UN’s climate panic is more politics than science – by Judith Curry for The Australian – 29.03.23
The Intergovernmental Panel on Climate Change has issued a new Synthesis Report, with fanfare from UN Secretary-General Antonio Guterres.
“The climate time bomb is ticking but the latest IPCC report shows that we have the knowledge and resources to tackle the climate crisis. We need to act now to ensure a liveable planet in the future,” Guterres announced over Twitter earlier this month.
The new IPCC Report is a synthesis of the three reports that constitute the Sixth Assessment Report, plus three special reports. This Synthesis Report does not introduce any new information or findings. While the IPCC reports include some good material, the Summary for Policymakers for the Synthesis Report emphasises weakly justified findings on climate impacts driven by extreme emissions scenarios, and politicised policy recommendations on emissions reductions.
The most important finding of the past five years is that the extreme emissions scenarios RCP8.5 and SSP5-8.5, commonly referred to as “business-as-usual” scenarios, are now widely recognised as implausible. These extreme scenarios have been dropped by the UN Conference of the Parties to the UN Climate Agreement. However, the new Synthesis Report continues to emphasise these extreme scenarios, while this important finding is buried in a footnote:
“Very high emission scenarios have become less likely but cannot be ruled out.”
The extreme emissions scenarios are associated with alarming projections of 4-5C of warming by 2100. The most recent Conference of the Parties (COP27) is working from a baseline temperature projection based on a medium emissions scenario of 2.5C by 2100. Since 1.2C of warming has already occurred from the baseline period in the late 19th century, the amount of warming projected for the remainder of the 21st century under the medium emissions scenario is only about one-third of the warming projections under the extreme emissions
The Synthesis Report emphasises “loss and damage” as a central reason why action is needed. It is therefore difficult to overstate the importance of the shift in expectations for future extreme weather events and sea level rise that is associated with rejection of the extreme emissions scenarios. Rejecting these extreme scenarios has rendered obsolete much of the climate impacts literature and assessments of the past decade, that have focused on these scenarios. In particular, the extreme emissions scenario dominates the impacts that are featured prominently in the new Synthesis Report.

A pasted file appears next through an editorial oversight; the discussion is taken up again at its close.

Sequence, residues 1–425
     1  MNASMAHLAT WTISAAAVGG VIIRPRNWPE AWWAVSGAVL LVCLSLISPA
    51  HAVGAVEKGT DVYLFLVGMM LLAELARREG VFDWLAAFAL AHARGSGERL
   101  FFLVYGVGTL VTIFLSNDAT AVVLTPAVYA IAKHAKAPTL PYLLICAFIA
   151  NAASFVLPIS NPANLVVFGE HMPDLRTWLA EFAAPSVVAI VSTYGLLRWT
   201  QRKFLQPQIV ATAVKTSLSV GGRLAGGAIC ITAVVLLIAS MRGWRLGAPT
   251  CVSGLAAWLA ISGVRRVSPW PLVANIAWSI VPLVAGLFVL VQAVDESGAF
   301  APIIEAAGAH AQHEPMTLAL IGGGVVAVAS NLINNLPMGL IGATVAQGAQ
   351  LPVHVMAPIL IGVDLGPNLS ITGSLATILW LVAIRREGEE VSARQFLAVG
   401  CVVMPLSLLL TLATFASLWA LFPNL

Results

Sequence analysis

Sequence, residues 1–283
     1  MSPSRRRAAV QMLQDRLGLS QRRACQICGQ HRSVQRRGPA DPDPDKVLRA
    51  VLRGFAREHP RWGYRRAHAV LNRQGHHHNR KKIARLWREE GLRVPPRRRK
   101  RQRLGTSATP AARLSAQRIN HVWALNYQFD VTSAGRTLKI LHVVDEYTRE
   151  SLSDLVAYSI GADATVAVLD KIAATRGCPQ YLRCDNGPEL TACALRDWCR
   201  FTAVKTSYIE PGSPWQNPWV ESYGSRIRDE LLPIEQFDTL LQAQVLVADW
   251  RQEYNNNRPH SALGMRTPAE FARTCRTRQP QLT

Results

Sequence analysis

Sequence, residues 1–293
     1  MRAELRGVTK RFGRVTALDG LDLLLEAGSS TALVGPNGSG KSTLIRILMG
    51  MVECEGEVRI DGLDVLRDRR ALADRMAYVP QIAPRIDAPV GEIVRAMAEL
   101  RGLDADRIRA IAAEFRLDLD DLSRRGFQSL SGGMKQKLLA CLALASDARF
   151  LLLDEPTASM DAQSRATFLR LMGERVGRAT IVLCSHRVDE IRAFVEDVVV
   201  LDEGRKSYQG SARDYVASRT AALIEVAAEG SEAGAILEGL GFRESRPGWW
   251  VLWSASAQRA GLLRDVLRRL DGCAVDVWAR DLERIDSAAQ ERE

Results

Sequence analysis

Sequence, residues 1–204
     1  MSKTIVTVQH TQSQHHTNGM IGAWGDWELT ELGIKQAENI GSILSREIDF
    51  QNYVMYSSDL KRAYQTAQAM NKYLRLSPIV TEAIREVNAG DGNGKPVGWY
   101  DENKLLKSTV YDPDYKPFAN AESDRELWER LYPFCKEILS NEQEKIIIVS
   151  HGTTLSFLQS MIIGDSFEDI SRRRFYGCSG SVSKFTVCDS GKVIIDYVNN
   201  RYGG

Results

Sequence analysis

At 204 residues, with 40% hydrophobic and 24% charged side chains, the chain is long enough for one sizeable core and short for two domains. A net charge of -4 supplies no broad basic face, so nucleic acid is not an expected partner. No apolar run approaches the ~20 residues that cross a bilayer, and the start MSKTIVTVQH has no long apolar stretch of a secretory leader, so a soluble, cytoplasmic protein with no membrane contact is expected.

Clearly, the climate “crisis” isn’t what it used to be. Rather than acknowledging this fact as good news, the IPCC and UN officials are doubling down on the “alarm” regarding the urgency of reducing emissions by eliminating fossil fuels. You might think that if warming is less than we thought, then the priorities would shift away from emissions reductions and towards reducing our vulnerability to weather and climate extremes. However, that hasn’t been the case.
The IPCC has been characterised as a “knowledge monopoly”, with its dominant authority in the UN climate deliberations. The IPCC claims it is “policy-neutral” and “never policy-prescriptive”.
However, the IPCC has strayed far from its chartered role of assessing the scientific literature in support of policymaking. The entire framing of the IPCC reports is now around the mitigation of climate change through emissions reductions.
Not only has the IPCC increasingly taken on a stance of explicit political advocacy, but it is misleading policymakers by its continued emphasis on extreme climate outcomes driven by the implausible extreme emissions scenarios. With its explicit political advocacy, combined with misleading information, the IPCC risks losing its privileged position in international policy debates.
The impact of these alarming IPCC reports and rhetoric by UN officials is this. Climate change has become a grand narrative in which human-caused climate change has become a dominant cause of societal problems. Everything that goes wrong reinforces the conviction that there is only one thing we can do to prevent societal problems – stop burning fossil fuels. This grand narrative leads us to think that if we solve the problem of burning fossil fuels, then these other problems would also be solved.
This belief leads us away from a deeper investigation of the true causes of these other problems. The end result is a narrowing of the viewpoints and policy options that we are willing to consider in dealing with complex issues such as energy systems, water resources, public health, weather disasters, and national security. The IPCC reports have become “bumper sticker” climate science – making a political statement while using the overall reputation of science to give authority to a politically manufactured consensus.
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Judith Curry is president of Climate Forecast Applications Network.
Here as an addendum is an article in pdf from The Telegraph entitled:
"The foolishness of the energy windfall tax has now been proven – The Telegraph 28.03.23"
UN Secretary-General Antonio Guterres addresses a session of the World Economic Forum annual meeting in Davos.